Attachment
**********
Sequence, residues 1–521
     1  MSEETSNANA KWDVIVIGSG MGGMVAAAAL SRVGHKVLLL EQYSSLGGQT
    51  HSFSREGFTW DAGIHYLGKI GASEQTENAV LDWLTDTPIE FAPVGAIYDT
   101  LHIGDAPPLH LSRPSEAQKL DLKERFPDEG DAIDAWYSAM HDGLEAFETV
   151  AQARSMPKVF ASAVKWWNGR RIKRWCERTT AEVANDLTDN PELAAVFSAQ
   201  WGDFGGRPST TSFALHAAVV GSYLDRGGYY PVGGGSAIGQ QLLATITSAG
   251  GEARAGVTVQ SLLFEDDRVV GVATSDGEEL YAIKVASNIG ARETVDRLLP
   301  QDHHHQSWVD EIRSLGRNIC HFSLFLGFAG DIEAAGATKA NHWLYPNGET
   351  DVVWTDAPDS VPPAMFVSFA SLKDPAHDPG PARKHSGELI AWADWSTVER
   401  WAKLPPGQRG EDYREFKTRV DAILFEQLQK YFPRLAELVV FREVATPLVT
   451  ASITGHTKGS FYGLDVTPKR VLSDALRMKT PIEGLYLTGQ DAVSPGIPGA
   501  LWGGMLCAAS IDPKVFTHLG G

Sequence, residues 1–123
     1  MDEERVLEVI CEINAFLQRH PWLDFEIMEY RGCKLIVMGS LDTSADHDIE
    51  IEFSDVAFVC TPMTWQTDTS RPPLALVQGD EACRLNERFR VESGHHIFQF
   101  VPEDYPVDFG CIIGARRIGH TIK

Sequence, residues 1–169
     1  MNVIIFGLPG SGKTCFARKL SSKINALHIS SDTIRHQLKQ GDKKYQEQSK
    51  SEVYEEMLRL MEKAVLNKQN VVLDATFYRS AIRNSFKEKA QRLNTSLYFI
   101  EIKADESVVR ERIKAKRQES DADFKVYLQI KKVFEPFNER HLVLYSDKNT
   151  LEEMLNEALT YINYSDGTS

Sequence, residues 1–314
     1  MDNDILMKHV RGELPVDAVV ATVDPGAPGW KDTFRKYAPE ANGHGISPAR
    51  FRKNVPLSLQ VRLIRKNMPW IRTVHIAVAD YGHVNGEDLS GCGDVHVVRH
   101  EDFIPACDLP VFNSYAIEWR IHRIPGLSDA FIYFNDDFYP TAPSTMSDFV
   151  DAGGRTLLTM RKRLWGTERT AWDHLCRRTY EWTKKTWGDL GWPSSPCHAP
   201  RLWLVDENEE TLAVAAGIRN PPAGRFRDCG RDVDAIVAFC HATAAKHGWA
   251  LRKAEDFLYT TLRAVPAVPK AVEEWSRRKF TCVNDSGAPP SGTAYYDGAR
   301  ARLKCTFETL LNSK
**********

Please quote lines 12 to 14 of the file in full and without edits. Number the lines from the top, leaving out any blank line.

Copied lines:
   501  LWGGMLCAAS IDPKVFTHLG G

Sequence, residues 1–123
     1  MDEERVLEVI CEINAFLQRH PWLDFEIMEY RGCKLIVMGS LDTSADHDIE